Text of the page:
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2008

Caltech-Led Researchers Find Negative Cues from Appearance Alone Matter for Real Elections Brain-imaging studies reveal that voting decisions are more associated with the brain's response to negative aspects of a politician's appearance than to positive ones. "While these findings are certainly very provocative, it is important to note their limitations," says study senior author Ralph Adolphs, Bren Professor of Psychology and Neuroscience and professor of biology at Caltech, and director of the Caltech Brain Imaging Center. Read more... 10-29-2008

Scientists Find Our Eyes Evolved for 'X-Ray' Vision
Research by Mark Changizi and Professor Shinsuke Shimojo on binocular vision has revealed a type of x-ray vision that "sees through" objects. Says Changizi, "As long as the separation between our eyes is wider than the width of the objects causing clutter, we can generally see through it." Read more... 09-4-2008

Caltech-Led Researchers Find Negative Cues from Appearance Alone Matter for Real Elections Brain-imaging studies reveal that voting decisions are more associated with the brain's response to negative aspects of a politician's appearance than to positive ones. "While these findings are certainly very provocative, it is important to note their limitations," says study senior author Ralph Adolphs, Bren Professor of Psychology and Neuroscience and professor of biology at Caltech, and director of the Caltech Brain Imaging Center. Read more... 10-29-2008

Scientists Find Our Eyes Evolved for 'X-Ray' Vision
Research by Mark Changizi and Professor Shinsuke Shimojo on binocular vision has revealed a type of x-ray vision that "sees through" objects. Says Changizi, "As long as the separation between our eyes is wider than the width of the objects causing clutter, we can generally see through it." Read more... 09-4-2008

Caltech Scientists Create DNA Tubes with Programmable Sizes for Nanoscale Manufacturing
Scientists at the California Institute of Technology (Caltech) have developed a simple process for mass producing molecular tubes of identical—and precisely programmable—circumferences. The technological feat may allow the use of the molecular tubes in a number of nanotechnology applications. Learn more about the work of Dr. Peng Yin and Dr. Erik Winfree. Read the press release... 08-29-2008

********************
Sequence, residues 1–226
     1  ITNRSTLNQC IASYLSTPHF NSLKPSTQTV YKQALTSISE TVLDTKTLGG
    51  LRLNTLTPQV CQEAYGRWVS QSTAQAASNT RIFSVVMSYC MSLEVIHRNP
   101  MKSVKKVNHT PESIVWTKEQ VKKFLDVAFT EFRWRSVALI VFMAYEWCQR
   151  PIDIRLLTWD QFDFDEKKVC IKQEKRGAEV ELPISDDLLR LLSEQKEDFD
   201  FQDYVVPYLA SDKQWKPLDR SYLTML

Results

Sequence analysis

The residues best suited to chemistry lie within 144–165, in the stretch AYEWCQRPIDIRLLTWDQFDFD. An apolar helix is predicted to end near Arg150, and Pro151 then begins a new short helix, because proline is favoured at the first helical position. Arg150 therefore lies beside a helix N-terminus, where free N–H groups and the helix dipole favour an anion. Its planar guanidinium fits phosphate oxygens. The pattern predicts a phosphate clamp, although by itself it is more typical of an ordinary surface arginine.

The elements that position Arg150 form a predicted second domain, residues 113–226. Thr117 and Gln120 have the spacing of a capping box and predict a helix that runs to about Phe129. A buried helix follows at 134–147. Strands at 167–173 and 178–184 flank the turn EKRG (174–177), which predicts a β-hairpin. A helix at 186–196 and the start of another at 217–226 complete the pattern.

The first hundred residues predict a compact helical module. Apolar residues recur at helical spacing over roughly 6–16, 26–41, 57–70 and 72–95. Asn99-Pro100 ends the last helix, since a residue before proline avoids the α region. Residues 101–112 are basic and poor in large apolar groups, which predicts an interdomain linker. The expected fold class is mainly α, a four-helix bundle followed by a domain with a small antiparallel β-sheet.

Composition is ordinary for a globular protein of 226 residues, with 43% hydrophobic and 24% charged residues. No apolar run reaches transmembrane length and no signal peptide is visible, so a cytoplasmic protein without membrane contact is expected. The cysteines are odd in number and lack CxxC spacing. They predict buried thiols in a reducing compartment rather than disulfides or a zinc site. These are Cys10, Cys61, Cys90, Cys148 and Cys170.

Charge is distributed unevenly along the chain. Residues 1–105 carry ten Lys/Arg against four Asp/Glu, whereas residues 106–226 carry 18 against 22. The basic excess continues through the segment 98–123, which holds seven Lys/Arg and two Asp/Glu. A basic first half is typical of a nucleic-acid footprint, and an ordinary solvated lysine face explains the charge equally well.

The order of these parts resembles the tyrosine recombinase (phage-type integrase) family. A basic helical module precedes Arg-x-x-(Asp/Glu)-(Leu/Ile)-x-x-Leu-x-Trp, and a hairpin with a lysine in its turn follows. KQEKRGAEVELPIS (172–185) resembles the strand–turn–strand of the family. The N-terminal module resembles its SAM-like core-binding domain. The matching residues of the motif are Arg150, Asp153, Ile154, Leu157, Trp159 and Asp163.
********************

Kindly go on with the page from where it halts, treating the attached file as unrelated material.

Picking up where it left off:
Caltech Researchers Awarded $10 Million for Molecular Programming Project Collaborative project may lead to revolutionary changes. "Our project is a response to the fact that the molecular systems people are building today are now so complex, and their behavior so intricate, that future progress hinges on developing the intellectual and practical tools for mastering that complexity, the kinds of tools that computer science has already developed for silicon computers," says Erik Winfree, associate professor of computer science, computation and neural systems, and bioengineering at Caltech. Other members of the collaboration include Jehoshua (Shuki) Bruck, the Gordon and Betty Moore Professor of Computation and Neural Systems and Electrical Engineering at Caltech; Niles A. Pierce, associate professor of applied and computational mathematics and bioengineering at Caltech; Paul W. Rothemund, senior research associate in bioengineering, computer science, and computation and neural systems at Caltech; and Eric Klavins, assistant professor of electrical engineering at the University of Washington in Seattle. Read More... 08-18-2008

Caltech Neurobiologists Discover Individuals Who "Hear" Movement Researchers at the California Institute of Technology have discovered a type of synesthesia in which individuals hear sounds. Psychologists previously reported visual, tactile, and taste synesthesias, but auditory synesthesia had never been identified. Caltech lecturer in computation and neural systems Melissa Saenz discovered the phenomenon quite by accident. Saenz, who, along with Christof Koch, the Lois and Victor Troendle Professor of Cognitive and Behavioral Biology at Caltech and professor of computation and neural systems, reports the finding in the August 5 issue of the journal Current Biology. Read More... 08-06-2008

Caltech and UNC Research Finds Further Evidence for Genetic Contribution to Autism Some parents of children with autism evaluate facial expressions differently than the rest of us--and in a way that is strikingly similar to autistic patients themselves, according to new research by neuroscientist Ralph Adolphs of the California Institute of Technology and psychiatrist Joe Piven at the University of North Carolina at Chapel Hill. Read More... 07-15-2008

Caltech Scientists Decipher the Neurological Basis of Timely Movement Work by Dr. Richard A. Andersen, the James G. Boswell Professor of Neuroscience at Caltech, and his colleagues Grant Mulliken of MIT and Sam Musallam of McGill University, offers the first neural evidence that voluntary limb movements are guided by our brain's prediction of what will happen an instant into the future. Read More... 06-09-2008